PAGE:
A circuit designer specifies transistors in his design according to electrical properties for performing various functions. Electrical properties to be considered include turn on voltage (threshold voltage), breakdown voltage, on-state current (Ion), leakage current, among others. The on-state current is the current that may be driven through the transistor when the gate voltage is equal to the threshold voltage. The on-state current is proportional a channel width. When a circuit is designed using planar transistors, the channel width may be any value by just making the transistor wider or narrower. However, with FinFETs, the channel widths cannot be just any value—the channel width is an integer multiple of the dimensions for a single fin. For example, a FinFET channel width may equal to 2 fin or 3 fin but not 2.5 fins. When a planar transistor-based design is converted to a FinFET-based design, the planar transistor cannot be converted to a FinFET having exactly the same on-state current. While usually a range of on-state currents may be acceptable, depending on the circuit functionality and application, limiting choices of channel width for a FinFET reduces design flexibility and planar-to-FinFET conversion accuracy.

Various embodiments of the present disclosure pertain to a selective fin-shaping process to allow individual fin width and fin height control. By shaping one or more fins in a FinFET, the channel width of a FinFET may vary beyond an integer multiple of a single fin dimension. The selective fin-shaping may enlarge one or more fins, shorten one or more fins, thin one or more fins, reduce all fin dimensions at the same time, or change the shape of one or more fins some other way to create shaped fins while other regular fins remain unchanged. For example, the equivalent of a FinFET having 2.5 fins may be designed by reducing the size of one fin. Benefits may include improved circuit design flexibility and FinFET process margin for designers and foundries that are transferring from a planar-based design to a FinFET-based design.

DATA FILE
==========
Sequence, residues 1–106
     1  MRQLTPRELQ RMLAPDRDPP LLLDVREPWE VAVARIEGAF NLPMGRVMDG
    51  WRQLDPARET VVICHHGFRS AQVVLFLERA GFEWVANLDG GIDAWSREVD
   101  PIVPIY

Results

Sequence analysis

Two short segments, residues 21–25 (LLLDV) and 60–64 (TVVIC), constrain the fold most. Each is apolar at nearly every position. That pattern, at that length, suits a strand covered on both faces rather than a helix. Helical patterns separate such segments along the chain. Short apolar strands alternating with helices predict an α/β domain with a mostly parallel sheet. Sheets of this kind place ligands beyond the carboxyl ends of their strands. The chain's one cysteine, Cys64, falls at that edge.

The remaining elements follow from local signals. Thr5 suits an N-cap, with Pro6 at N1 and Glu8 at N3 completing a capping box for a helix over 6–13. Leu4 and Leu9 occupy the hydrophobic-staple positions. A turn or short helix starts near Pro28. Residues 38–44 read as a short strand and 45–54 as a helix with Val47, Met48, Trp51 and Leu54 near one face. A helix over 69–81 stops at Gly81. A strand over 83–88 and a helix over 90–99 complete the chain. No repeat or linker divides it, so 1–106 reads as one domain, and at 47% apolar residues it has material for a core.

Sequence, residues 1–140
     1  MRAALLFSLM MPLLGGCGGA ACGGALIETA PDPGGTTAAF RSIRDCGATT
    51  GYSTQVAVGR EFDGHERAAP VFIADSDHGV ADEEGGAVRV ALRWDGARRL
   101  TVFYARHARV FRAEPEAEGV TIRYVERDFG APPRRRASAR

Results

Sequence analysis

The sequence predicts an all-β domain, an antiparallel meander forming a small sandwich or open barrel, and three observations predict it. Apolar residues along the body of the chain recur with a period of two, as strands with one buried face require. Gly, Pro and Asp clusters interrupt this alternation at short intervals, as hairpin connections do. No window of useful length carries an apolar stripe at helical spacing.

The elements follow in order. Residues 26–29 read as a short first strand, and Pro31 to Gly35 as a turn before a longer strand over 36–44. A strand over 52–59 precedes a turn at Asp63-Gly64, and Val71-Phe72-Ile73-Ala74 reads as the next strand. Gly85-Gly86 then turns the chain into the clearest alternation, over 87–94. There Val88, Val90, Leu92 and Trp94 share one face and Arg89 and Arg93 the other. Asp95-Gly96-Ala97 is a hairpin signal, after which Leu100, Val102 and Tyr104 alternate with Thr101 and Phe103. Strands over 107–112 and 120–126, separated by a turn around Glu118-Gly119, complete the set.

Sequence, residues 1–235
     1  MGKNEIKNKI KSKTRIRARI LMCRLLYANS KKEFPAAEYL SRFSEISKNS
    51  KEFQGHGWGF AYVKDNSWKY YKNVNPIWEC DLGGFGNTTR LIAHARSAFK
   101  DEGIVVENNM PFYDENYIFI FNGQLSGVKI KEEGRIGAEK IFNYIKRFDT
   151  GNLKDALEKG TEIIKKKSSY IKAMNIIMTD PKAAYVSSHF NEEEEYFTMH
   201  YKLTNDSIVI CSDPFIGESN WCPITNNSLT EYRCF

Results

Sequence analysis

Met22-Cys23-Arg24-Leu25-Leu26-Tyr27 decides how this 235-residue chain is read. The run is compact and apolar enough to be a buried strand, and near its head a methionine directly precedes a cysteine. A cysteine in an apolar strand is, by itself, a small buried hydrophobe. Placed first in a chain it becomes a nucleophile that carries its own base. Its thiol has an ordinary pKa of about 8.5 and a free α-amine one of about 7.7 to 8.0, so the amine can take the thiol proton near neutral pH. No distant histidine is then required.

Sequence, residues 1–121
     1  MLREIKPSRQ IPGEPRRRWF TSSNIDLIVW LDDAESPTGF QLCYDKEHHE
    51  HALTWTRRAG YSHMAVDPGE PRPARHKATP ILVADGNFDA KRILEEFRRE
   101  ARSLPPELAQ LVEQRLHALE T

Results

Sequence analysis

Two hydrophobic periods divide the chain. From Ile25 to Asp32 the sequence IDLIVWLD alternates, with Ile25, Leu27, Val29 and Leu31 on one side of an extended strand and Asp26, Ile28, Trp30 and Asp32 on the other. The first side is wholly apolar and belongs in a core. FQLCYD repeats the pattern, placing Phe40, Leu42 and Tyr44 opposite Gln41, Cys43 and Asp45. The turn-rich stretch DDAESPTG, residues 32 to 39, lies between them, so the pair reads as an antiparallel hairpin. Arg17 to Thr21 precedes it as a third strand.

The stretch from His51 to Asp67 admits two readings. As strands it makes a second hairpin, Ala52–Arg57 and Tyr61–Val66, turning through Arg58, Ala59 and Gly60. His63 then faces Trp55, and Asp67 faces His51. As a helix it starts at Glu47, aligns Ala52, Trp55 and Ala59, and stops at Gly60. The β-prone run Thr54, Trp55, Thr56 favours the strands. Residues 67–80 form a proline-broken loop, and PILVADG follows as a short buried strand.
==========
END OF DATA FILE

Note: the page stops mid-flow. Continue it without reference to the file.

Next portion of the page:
Referring to FIG. 2, a process flow 211 for selective fin-shaping is shown. At operation 213, fins partially embedded in shallow trench isolation (STI) layers are formed on a semiconductor substrate. As discussed herein, a number of methods may be used to form the fins. The fins may be etched from a bulk silicon or grown epitaxially.

In operation 215, an optional dielectric layer is deposited over the STI layer to completely cover the fins. The optional dielectric layer is used if the one or more fins are to be enlarged. If the one or more fins are to be reduced, then the optional dielectric layer is not necessary. The optional dielectric layer may be a silicon oxide, silicon nitride, or another dielectric layer that is easier to etch than the underlying STI layer. In some cases, an etch stop layer may be deposited before the dielectric layer. In such case, the dielectric layer may be the same material as the STI layer. FIG. 3A illustrates a partially fabricated FinFET structure after operation 215. The fins 301 are partially embedded by STI layer 303. The dielectric layer 305 is deposited over the STI layer 303 and completely covers the fins 301.

Referring back to FIG. 2, in operation 217 a photoresist layer is patterned over the fins. Lithographic dimensions limit a minimum size that a photoresist layer may protect and a minimum size opening that a photoresist pattern may create. The minimum opening is smaller than the minimum area to be protected. In other words, an opening may be created with a dimension of one fin pitch, but the opposite, of a protective area covering one fin pitch may be too small. In FIGS. 3A and 3B, a photoresist layer 307 is deposited and patterned to create an opening 309. If the dielectric layer of operation 215 is deposited, the photoresist is deposited over the dielectric layer as shown in FIG. 3A. If the dielectric layer of operation 215 is not deposited, then the photoresist is deposited directly over the STI layer and the fins as shown in FIG. 3B.

Referring back to FIG. 2, in optional (broken line) operation 227 a portion of the exposed single fin is doped with a dopant. Depending on the portion to be doped, a number of doping processes may be used. In one embodiment, a small vertical portion at the very top of the fin may be doped by using an ion implant process. Dopant ions are directed at the opening, but because of the aspect ratio of the opening, mostly the top portion of the fin would be doped, shown as fin tip 401 in FIG. 4A. The dopant may be oxygen to form a silicon oxide fin tip. The dopant may be nitrogen, to form a silicon nitride tip. Other dopants that effectively change the chemical property of the fin tip 401 so that it can be easily removed in a subsequent etching procedure may be used.